Our Women’s rugby team is so grateful & thankful for those businesses that help to sponsor us. Businesses like Form & Finish help to make our travel to rugby tournaments, new team uniforms & even snacks and water possible. Our very first sponsor is a native of North Carolina, and not only likes supporting local teams but also is happy to support a positive outlet for so many females! Thank you Form & Finish, we are so grateful for your sponsorship.
Become A Sponsor
If you would like to become a sponsor please feel free to reach out to us to learn more!
Rugby is a tough sport and requires intense training to make it on the field. It combines speed, power, strength, fitness, and agility making it great for your cardiovascular & overall health. When training as a rugby player you must incorporate workouts that include running, sprinting, plyometrics, weight training, mobility & agility training. While all of these exercises will get you in the shape you need to be in to succeed in the sport of Rugby, they can also be hard on your body. Most of these exercises are high impact and can generate a lot of soreness and muscle fatigue. What is the best way to still train hard but also offset some of these high impact training strategies?
Swimming Workouts For Rugby Players
Arizona based pool deck & concrete overlay company, New Look Kool Deck & More LLC, finished a pool deck overlay for a facility where Phoenix rugby players train. With the intense summer heat, pool workouts have become a staple for this rugby team, and their players are also seeing an improvement in gameplay as well as slightly fewer injuries! To ensure they stay safe while doing pool workouts an overlay was added to the deck surrounding the pool to allow the surface to remain cool even when temperatures reach over 100 degrees. The team then incorporated both in water & out of water exercises to maximize their training!
Swimming for rugby players has been found to improve mobility, the water helps support bodyweight so joints are under less duress, allows you to isolate both the upper & lower body, and water can have anti-inflammatory properties relieving your muscles, tendons, and joints of pressure & weight.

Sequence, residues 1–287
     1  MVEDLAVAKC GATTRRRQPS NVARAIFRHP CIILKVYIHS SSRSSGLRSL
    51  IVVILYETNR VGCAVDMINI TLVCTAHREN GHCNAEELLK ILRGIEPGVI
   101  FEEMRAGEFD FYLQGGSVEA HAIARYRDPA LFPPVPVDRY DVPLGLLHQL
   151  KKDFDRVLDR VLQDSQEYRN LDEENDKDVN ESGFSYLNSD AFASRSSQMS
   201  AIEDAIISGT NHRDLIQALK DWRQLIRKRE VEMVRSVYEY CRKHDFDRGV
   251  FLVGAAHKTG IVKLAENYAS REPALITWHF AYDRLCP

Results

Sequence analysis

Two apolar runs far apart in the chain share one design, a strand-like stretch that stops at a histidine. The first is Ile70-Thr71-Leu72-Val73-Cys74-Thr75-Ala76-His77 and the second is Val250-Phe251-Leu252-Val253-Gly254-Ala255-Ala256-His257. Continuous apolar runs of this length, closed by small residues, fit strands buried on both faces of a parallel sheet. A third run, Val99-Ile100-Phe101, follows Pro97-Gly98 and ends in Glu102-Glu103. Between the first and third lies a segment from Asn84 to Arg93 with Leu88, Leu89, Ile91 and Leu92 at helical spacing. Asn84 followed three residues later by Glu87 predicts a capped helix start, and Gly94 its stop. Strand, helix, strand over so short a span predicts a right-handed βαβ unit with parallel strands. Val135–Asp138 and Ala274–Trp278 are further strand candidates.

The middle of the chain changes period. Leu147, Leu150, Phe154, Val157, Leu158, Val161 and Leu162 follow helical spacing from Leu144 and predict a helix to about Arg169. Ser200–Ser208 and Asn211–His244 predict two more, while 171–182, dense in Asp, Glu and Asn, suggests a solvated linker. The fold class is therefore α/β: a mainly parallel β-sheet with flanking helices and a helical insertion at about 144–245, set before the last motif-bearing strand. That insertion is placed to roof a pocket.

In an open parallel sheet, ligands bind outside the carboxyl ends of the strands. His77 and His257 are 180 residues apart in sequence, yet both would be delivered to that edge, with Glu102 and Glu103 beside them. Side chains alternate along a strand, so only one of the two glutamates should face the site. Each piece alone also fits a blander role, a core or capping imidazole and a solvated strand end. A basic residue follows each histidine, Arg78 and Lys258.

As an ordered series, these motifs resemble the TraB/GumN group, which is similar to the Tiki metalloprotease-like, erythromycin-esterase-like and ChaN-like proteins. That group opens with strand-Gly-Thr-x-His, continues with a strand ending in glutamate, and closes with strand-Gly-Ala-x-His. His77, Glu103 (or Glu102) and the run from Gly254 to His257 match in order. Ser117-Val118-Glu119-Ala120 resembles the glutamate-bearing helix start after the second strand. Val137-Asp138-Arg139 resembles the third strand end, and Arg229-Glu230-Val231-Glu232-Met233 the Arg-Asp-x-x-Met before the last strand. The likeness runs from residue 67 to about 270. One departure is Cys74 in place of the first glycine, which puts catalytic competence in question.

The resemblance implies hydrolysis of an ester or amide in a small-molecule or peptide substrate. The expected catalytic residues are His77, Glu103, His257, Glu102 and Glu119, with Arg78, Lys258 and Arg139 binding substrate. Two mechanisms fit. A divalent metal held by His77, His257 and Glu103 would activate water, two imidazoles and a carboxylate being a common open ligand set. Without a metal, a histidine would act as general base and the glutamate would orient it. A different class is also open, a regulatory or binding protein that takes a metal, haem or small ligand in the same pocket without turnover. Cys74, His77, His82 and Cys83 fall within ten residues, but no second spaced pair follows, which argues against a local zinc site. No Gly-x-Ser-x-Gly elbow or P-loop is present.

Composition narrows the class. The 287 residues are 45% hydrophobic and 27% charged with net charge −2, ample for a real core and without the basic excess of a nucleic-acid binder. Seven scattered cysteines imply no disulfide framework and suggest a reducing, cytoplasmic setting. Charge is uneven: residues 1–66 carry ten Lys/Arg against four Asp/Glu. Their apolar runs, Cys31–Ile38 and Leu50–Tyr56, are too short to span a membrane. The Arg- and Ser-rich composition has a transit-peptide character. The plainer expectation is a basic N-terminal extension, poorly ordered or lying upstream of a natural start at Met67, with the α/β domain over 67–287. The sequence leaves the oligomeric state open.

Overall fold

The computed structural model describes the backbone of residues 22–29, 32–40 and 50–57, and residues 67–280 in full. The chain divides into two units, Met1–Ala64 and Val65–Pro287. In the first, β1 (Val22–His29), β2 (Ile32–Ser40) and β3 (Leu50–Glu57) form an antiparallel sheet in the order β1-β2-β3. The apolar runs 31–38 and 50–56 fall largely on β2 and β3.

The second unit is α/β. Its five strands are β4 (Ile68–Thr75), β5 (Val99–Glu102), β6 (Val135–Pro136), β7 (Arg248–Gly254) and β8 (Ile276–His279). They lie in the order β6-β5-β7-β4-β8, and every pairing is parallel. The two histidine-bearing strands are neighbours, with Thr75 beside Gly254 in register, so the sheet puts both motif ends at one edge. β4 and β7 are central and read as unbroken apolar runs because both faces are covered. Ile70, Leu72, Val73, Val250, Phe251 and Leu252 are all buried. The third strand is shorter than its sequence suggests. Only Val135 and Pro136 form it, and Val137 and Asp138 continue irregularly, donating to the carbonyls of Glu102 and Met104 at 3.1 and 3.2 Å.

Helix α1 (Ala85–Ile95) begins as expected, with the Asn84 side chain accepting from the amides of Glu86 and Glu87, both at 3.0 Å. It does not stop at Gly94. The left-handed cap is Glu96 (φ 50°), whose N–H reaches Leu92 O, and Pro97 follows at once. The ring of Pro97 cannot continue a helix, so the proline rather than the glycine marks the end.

With a pool deck to accommodate various circuit training stations and the water a great place to build endurance, swimming is a great workout for those living the rugby player life!
Rugby is a tough sport that combines hard running with the contact & tackling associated with American football. It is definitely not a sport for the frail or weak. In fact, you have to train hard and play hard if you want to make it in this game. That being said, playing the sport of Rugby does come with a high potential risk of different injuries. What are the most common injuries associated with the sport of Rugby?
Rugby’s Most Common Injuries
Most Rugby injuries occur during matches rather than training and they usually tend to happen in the 2nd part of the game when the players are most fatigued. It has also been found that 1 in 4 rugby players will get injured during the season. And with numbers like that, it is practically inevitable that multiple players will get hurt on one team. Among the injuries that are most prevalent:
- Muscle strains/Bruising
- Over-Use Injuries
- Neck Injuries
It has also been found that a Rugby player’s risk of injury increases when exposed to different levels of experience in players. Those playing the forward position also tend to suffer more injuries than players in other positions. Rigby also has 3 times more injuries than American football, which is crazy if you think about it! So that means you have to be one tough cookie to survive to play this sport. Physical conditioning and agility play a huge roll in your individual risk of injury too. It is also said that with the right pre-season conditioning program that gradually increases intensity and duration, your chances of injury during the season can decrease immensely. It is also important to practice the correct tackling techniques & correct falling techniques to help minimize the absorption of the full impact.
Rugby is not as popular as baseball, soccer, or football, but it certainly is rising in popularity as it combines the tackling of American football with the pace of soccer. And while some don’t consider rugby to be a woman’s sport due to the physical harshness of the game, many women from across many countries are competing in a rugby league of their own.
In the 19th Century, Women playing contact sports was considered to be disrespectful, and hence when women tried to organize a set of matches in 1881, it led to riots. Women still played a little during WWI and other occasions, and a women’s rugby league was even formed in Australia in 1930. While women were making progress, many countries still saw women in contact sports as a taboo. That would all change in the 1960s, as the first women’s club match took place in France in 1968. And from that, the first national association was formed in the 1970s. In the 1970s women’s rugby even spread into the US as 4 universities were playing it by 1972. Rugby leagues began popping up in countries across the world and the game was even introduced in Japan in 1981. In 1990, the first worldwide tournament, RugbyFest, was held in New Zealand where 4 national teams, the USA, New Zealand, USSR, and Netherland’s along with other club teams battled for the first even women’s trophy. New Zealand won. And in the following year, the first women’s rugby world cup took place where the US won. Another world cup followed up in 1994 where England won. And the World Cup has been held around every 4 years since, with the 2021 World Cup set to be held in New Zealand for the first time.
Top 10 Women’s Rugby Teams
- New Zealand